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India cotton exports to fall 22 per cent this year as china buys less

India cotton exports to fall 22 per cent this year as china buys less Source:
Date: 10-09-2013
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India's cotton exports are expected to drop by a fifth this year on account of a slump in purchases by top cotton consumer China and higher domestic prices, a Reuters survey of traders and exporters found.

Lower Indian exports this year could provide some respite to soft world cotton prices which have shed nearly 12 percent since mid-August on expectations of higher output in the upcoming season in India, the world's second-biggest cotton producer.

China holds about 60 percent of world cotton stocks in state reserves. A radical plan to ditch its stockpiling programme in favour of subsidies to farmers that could lead to a long-term cut in China's imports has also hurt market sentiment.

Indian exports of the fibre may on average drop by 22 percent to 10 million bales of 170 kg each in the year that ends September 30, five traders and exporters surveyed by Reuters said.

"Overseas demand has come down significantly because local prices have shot up and China is showing no interest in India's cotton at these prices.

Also, China has huge inventories," said Ritesh Agrawal, managing director of Wisdom Cotton, an exporter.

Cotton purchases by China from India fell 36 percent in January-July to 810,311 tonnes from the same period of 2012, according to Chinese customs data. Indian industry executives expect China's imports from India to have fallen in August and to remain weak in the foreseeable future.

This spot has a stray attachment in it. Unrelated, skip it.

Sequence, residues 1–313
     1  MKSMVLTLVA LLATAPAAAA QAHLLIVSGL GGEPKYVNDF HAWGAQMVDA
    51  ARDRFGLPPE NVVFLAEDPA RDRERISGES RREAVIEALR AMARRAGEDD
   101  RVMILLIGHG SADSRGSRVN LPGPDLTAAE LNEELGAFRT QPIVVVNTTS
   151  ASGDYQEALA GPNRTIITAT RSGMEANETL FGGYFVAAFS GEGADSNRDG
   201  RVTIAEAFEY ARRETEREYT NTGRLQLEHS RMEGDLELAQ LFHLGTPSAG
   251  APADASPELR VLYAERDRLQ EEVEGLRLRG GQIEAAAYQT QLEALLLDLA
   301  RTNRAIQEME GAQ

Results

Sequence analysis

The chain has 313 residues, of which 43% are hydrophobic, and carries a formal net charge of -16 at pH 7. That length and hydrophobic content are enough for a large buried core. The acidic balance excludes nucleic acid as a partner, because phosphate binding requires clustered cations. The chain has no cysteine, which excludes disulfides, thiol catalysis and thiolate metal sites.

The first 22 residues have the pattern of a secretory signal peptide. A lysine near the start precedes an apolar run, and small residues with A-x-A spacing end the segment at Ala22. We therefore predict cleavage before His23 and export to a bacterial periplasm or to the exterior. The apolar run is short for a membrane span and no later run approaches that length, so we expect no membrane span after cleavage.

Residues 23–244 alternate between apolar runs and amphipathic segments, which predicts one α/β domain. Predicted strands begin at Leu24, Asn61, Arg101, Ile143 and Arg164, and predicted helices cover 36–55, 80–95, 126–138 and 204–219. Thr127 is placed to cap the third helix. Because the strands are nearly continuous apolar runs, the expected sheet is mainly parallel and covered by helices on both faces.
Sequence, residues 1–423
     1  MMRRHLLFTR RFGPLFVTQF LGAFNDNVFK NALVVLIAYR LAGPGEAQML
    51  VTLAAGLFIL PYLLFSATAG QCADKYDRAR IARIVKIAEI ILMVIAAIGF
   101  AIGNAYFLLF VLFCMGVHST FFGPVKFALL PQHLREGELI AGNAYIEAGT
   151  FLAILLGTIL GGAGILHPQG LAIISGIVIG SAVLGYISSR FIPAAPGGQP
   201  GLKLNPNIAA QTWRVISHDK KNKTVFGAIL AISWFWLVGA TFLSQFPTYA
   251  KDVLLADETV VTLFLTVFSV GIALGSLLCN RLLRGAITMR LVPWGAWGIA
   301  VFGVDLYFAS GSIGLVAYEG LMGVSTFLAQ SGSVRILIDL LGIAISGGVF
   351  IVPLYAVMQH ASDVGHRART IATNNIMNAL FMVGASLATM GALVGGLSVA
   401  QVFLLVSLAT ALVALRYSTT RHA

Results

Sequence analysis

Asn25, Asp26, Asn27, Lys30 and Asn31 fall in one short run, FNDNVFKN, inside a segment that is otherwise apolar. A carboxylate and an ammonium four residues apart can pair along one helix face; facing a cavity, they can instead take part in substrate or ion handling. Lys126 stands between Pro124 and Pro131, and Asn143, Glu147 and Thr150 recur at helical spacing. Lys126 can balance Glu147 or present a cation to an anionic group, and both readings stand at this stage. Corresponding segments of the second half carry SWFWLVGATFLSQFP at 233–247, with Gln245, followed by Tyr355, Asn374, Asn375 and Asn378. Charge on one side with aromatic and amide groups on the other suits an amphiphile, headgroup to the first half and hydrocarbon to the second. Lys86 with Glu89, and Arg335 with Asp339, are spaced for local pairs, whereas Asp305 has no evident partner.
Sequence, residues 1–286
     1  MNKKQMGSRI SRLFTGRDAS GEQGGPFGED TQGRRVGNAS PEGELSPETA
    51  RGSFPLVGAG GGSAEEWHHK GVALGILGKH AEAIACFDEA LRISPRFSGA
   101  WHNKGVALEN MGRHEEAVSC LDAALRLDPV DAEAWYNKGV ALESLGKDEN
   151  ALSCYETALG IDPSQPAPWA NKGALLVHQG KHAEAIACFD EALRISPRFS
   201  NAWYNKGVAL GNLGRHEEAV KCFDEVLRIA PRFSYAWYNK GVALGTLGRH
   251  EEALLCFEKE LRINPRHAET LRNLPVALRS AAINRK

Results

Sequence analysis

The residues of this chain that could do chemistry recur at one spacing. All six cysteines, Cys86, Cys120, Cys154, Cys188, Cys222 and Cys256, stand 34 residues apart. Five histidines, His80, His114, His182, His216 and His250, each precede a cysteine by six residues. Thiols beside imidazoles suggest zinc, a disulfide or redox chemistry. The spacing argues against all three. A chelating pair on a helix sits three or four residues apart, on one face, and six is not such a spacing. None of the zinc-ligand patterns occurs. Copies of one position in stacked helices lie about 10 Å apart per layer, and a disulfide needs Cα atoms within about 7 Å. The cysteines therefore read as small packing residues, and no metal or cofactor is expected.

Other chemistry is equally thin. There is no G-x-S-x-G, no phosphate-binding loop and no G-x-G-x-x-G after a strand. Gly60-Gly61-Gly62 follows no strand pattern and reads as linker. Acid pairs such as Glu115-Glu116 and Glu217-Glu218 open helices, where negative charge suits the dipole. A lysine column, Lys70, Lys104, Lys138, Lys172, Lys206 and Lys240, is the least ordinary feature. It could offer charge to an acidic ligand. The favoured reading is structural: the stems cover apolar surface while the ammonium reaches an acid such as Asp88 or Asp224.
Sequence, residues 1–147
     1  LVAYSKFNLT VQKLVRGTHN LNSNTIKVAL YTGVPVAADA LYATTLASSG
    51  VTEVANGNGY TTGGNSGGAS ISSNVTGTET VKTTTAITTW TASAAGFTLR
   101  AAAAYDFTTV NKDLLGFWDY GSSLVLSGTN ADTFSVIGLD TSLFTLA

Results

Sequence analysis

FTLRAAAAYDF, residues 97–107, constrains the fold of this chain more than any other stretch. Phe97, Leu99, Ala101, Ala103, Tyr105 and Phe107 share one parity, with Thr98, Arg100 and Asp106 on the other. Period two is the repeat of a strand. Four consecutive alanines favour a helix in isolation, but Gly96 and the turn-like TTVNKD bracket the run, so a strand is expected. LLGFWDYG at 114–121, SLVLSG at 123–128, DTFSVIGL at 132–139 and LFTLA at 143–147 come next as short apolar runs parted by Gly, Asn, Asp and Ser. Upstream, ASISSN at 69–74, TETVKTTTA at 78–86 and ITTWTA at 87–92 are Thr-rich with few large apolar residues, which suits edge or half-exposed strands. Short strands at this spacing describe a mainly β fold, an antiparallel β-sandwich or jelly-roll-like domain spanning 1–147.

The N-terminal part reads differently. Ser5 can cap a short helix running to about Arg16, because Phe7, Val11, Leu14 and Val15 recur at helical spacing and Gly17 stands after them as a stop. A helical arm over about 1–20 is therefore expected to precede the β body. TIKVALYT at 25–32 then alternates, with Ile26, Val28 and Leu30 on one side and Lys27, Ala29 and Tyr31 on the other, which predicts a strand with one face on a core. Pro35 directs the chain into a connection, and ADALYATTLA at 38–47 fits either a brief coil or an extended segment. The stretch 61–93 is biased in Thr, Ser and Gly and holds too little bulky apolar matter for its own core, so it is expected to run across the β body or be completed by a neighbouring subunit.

China is the top cotton export market for India, followed by Bangladesh and Pakistan. India has been China's second-biggest supplier of cotton this year after the United States.

Local Indian cotton prices have risen nearly 16 percent in the past one month due to a spurt in demand for yarn, a value added product, from local millers and exporters who are trying to boost their exports to take advantage of a slide in the rupee currency.

Heavy rains in cotton-cultivating areas have also contributed to worries about tighter supplies. Cotton supplies are expected to remain tight until fresh arrivals start coming into the market in October.

The Indian rupee has dropped 20 percent this year against the dollar.

"A weak rupee helped exporters a lot but a sharp rise in local prices made Indian cotton uncompetitive in the international market," said Arun Kumar Dalal, a trader from Ahmedabad in Gujarat, the top cotton producing state in India.
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